Comte denied the accusation of materialism and atheism. He did the first
only by changing the meaning of the term materialism. Materialism the
world has supposed to be the view of man's condition and destiny which
makes these to begin and end in nature. That certainly was Comte's view.
The accusation of atheism also he avoids by a mere play on words. He is
not without a God. Humanity is God. Mankind is the positivist's Supreme.
Altruism takes the place of devotion. The devotion so long wasted upon a
mere creature of the imagination, to whom it could do no good, he would
now give to men who sorely need it and can obviously profit by it.
Surely the antithesis between nature and the supernatural, in the form
in which Comte argues against it, is now abandoned by thoughtful people.
Equally the antithesis of altruism to the service of God is perverse. It
arouses one's pity that Comte should not have seen how, in true religion
these two things coalesce.

Moreover, this deification of mankind, in so far as it is not a sounding
phrase, is an absurdity. When Comte says, for example, that the
authority of humanity must take the place of that of God, he has
recognised that religion must have authority. Indeed, the whole social
order must have authority. However, this is not for him, as we are
accustomed to say, the authority of the truth and of the right. There is
no such abstraction as the truth, coming to various manifestations.
There is no such thing as right, apart from relatively right concrete
measures. There is no larger being indwelling in men. Society, humanity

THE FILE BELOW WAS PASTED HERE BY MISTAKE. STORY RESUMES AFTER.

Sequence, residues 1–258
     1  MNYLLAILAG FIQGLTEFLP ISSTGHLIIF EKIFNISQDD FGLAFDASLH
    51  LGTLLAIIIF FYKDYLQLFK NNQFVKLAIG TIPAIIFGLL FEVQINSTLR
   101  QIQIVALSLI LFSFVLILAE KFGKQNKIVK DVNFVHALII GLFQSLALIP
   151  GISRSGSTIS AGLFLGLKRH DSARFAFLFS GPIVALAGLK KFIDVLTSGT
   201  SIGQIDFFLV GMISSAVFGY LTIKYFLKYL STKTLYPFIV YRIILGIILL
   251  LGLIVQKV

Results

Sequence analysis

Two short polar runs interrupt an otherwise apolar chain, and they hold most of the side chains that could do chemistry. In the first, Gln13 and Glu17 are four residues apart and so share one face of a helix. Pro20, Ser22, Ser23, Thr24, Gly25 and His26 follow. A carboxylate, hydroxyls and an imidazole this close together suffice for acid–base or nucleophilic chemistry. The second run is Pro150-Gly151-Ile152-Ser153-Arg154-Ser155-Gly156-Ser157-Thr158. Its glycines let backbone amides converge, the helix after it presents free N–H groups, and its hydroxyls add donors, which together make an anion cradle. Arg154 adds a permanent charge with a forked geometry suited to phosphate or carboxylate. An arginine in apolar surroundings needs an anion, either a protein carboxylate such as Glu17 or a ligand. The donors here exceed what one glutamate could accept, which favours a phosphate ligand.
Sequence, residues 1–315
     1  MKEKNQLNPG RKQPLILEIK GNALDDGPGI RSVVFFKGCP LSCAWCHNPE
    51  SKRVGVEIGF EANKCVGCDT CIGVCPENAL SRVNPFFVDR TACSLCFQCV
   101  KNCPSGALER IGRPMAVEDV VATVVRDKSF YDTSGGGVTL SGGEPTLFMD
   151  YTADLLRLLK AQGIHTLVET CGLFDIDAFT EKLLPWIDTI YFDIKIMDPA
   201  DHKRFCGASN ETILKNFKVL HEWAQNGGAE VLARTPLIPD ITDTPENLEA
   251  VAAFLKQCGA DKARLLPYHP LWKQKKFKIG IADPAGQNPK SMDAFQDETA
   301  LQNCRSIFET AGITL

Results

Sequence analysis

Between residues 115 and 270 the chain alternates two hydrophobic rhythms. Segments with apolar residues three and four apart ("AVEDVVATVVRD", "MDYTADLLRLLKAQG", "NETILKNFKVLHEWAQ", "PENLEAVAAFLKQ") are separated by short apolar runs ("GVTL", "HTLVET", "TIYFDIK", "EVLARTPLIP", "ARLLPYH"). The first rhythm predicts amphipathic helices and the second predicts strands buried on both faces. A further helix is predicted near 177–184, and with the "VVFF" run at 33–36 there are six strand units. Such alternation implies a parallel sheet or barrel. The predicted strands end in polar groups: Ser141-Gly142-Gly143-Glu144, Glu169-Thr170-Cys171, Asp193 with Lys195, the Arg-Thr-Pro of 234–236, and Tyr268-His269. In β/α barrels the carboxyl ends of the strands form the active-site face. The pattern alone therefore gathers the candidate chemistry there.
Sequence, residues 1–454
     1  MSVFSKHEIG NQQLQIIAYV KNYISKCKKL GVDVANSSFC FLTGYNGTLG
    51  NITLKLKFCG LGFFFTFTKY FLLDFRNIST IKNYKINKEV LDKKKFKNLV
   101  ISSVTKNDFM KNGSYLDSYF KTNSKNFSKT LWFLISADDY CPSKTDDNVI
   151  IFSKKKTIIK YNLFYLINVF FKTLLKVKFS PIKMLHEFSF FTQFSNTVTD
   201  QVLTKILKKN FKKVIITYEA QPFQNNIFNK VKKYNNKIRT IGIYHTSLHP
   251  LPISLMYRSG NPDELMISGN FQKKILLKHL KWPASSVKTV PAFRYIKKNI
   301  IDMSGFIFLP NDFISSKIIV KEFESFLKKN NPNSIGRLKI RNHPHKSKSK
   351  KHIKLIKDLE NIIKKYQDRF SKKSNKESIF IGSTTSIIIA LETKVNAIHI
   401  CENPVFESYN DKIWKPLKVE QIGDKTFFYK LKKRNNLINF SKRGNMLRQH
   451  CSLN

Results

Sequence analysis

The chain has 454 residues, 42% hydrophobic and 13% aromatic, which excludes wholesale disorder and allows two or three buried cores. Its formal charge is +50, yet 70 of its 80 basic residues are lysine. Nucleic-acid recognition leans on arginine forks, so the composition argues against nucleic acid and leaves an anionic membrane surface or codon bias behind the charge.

in its collective capacity, must, if need be, override the individual.
Yet Comte despises the mere rule of majorities. The majority which he
would have rule is that of those who have the scientific mind. We may
admit that in this he aims at the supremacy of truth. But, in fact, he
prepares the way for a doctrinaire tyranny which, of all forms of
government, might easily turn out to be the worst which a long-suffering
humanity has yet endured.

In the end, we are told, love is to take the place of force. Humanity is
present to us first in our mothers, wives and daughters. For these it is
present in their fathers, husbands, sons. From this primary circle love
widens and worship extends as hearts enlarge. It is the prayer to
humanity which first rises above the mere selfishness of the sort to get
something out of God. Remembrance in the hearts of those who loved us
and owe something to us is the only worthy form of immortality. Clearly
it is only the caricature of prayer or of the desire of immortality
which rises before Comte's mind as the thing to be escaped. For this
caricature religious men, both Catholic and Protestant, without doubt,
gave him cause. There were to be seven sacraments, corresponding to
seven significant epochs in a man's career. There were to be priests for
the performance of these sacraments and for the inculcation of the
doctrines of positivism. There were to be temples of humanity, affording
opportunity for and reminder of this worship. In each temple there was
to be set up the symbol of the positivist religion, a woman of thirty
years with her little son in her arms. Littré spoke bitterly of the
positivist religion as a lapse of the author into his old aberration.
This religion was certainly regarded as negligible by many to whom his
system as a whole meant a great deal. At least, it is an interesting
example, as is also his transformation of science into a philosophy, of
the resurgence of valid elements in life, even in the case of a man who
has made it his boast to do away with them.


We may take Spencer as representative of a group of men who, after the
middle of the nineteenth century, laboured enthusiastically to set forth